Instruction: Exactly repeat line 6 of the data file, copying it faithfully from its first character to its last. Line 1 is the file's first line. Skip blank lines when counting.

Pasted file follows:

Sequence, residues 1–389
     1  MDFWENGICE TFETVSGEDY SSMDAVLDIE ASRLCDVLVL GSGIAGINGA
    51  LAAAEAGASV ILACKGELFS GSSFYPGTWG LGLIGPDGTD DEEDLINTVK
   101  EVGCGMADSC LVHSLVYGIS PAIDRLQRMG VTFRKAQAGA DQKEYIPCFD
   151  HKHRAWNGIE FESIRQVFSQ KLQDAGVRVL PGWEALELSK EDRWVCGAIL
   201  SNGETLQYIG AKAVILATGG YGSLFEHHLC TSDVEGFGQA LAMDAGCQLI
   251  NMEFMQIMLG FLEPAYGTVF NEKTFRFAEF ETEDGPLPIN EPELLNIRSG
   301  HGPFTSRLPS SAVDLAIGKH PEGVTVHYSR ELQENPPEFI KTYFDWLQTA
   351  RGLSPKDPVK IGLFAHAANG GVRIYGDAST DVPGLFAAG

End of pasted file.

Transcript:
   201  SNGETLQYIG AKAVILATGG YGSLFEHHLC TSDVEGFGQA LAMDAGCQLI